• February 14, 2022
  • By Tim Ferguson, writer and editor, Marketing Digest

Change Management for CRM Adoption: What You Need to Know

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Customer Relationship Management (CRM) is crucial for any business to succeed in the longer run. And when you overhaul your entire business process, CRM cannot be left alone.

You’ll likely undergo change management that helps you adapt to the external business environment. But the success and failure of CRM initiatives largely hinge on how well you can handle change.

Business changes are less difficult and more successful when people are better prepared for and less resistant to change. And because of this, change is generally associated with having a negative impact. Changing the status quo may be a daunting task for many people, so how would you ensure a successful CRM deployment? 

A comprehensive change is only possible when you transform across people, tools, resources, and software. This means you might as well adopt a new CRM. If you plan to implement change management and CRM adoption is a part of it, you've come to the right place. 

Plan the New CRM adoption

Integrating new CRM in your sales strategy requires adequate planning. Once you identify the new CRM platform that aids change management, you will need to plan its implementation across multiple verticals to leverage its full potential.

But getting the best out of your CRM would demand analyzing all your current processes and identifying challenges that may come along the way. It is best to plan the right change management approach that minimizes disruptions among multiple teams. Here are some key questions to ask when you plan change management for CRM adoption.

  • What are we trying to automate using the new CRM? 
  • What are the ways to get hold of the correct data when we need it?
  • What are the best ways to integrate existing data into the new CRM? 

You may talk with your team about ways to effectively use the best of the CRM's new features. Plan and prepare for these changes before implementing a new CRM in a way to least disrupt your business operations.

Identify Change Advocates

A great way to adopt a new CRM includes recruiting one or two advocates from within the team to promote this shift. It is best to bring them in early, give them prior access, and allow them to evangelize the advantages of the new CRM system to their teammates.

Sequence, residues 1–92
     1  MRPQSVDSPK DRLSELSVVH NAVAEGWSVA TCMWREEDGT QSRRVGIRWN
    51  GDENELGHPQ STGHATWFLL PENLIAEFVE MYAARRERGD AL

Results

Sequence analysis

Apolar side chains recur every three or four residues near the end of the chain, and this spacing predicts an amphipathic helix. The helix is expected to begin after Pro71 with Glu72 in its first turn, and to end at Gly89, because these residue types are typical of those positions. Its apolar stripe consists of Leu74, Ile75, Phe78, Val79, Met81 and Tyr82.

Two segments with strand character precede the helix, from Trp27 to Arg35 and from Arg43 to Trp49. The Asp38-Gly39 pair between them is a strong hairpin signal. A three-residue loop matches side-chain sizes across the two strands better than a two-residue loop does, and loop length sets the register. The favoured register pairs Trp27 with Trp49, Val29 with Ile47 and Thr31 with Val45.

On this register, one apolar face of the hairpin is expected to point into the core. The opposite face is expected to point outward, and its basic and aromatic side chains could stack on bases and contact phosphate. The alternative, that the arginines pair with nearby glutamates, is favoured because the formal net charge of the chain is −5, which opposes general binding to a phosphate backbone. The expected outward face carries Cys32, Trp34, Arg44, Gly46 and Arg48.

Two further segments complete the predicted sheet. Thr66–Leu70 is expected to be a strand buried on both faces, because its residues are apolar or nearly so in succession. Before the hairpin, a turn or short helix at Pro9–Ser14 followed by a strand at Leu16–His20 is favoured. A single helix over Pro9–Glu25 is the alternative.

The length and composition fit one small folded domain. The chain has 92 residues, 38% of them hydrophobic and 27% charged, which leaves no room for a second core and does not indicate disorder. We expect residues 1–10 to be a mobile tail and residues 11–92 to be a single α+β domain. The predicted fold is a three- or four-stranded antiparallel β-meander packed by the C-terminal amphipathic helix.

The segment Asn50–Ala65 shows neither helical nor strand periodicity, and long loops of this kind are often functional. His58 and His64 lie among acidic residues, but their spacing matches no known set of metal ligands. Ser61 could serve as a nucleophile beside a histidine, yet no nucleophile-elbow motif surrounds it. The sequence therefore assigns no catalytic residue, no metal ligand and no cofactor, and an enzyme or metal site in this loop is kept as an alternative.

Ensure that your change leaders are well versed with the tool, that they’ve recieved enough instructions and talking points to help promote its uses. This will facilitate the transition and help adopters with the actual deployment of CRM tools as the process moves forward.

Begin the trial period at the start of the month or quarter where there is little pressure to fulfill the sales target. This way, you will help change resistors quickly move toward new CRM adoption without any hassles.

Determine Incentive Systems

You want to ensure that employee engagement aligns with the set of goals that complements change management. Every team member should function in line with the new set of goals and strategies. And they should be appropriately rewarded in doing so given the considerable time and cost investments that CRM needs.

Every employee should desire to perform better with the correct incentive scheme. Building a rewards-based system that incorporates a wide variety of rewards is essential for the quick adoption of CRM among employees. 

Also, rewarding systems should not be focused on individual achievements, as that might obstruct the effective adoption of the CRM paradigm in the new setting. Therefore, try incorporating a more cohesive system that focuses on the internal, team-based incentives that encourage collaborative achievement of CRM goals.

Delegate Responsibility 

Implementing change is easy if it is coming from the top. This means those at the top of the decision-making funnel should take ownership of the change by setting objectives, taking action, and measuring the results. Those using the new CRM might need training and continuous communication to ensure that they are following the right path.

Senior managers and stakeholders need to identify team leaders who can train staff, give them hands-on experience with new tools, and adopt changes faster. Your change management project with CRM can only succeed if you tie individual goals with your change management vision.

Assemble line-of-business executives to take ownership of the transformation via objectives, activities, and results. Training, evaluation, and ongoing communication become necessary. You should delegate the responsibility for new CRM adoption to those who share your vision of change management, are regarded well by their peers, and are ready to support reforms.

The Bottom Line

Bringing about a change may significantly impact output and revenue. The success of any change management effort largely depends on how you deal with employees and how quickly they can adopt the new CRM. Therefore, take some time to pull together your teams and unite them behind a shared objective that might have a significant impact on your business’s future.

A well-thought-out and skillfully planned change management program would also consider human aspects of CRM. This means you need to be prepared for some major changes in culture, organizational structure, and team dynamics that are typically required to successfully implement CRM strategies in the longer run.

Tim Ferguson is a writer and editor of Marketing Digest. He enjoys writing about SEO, content marketing, online reputation management, social media, AI, and Big Data. When he is not writing and editing for Marketing Digest, he spends time on learning more about content marketing and getting better at it.

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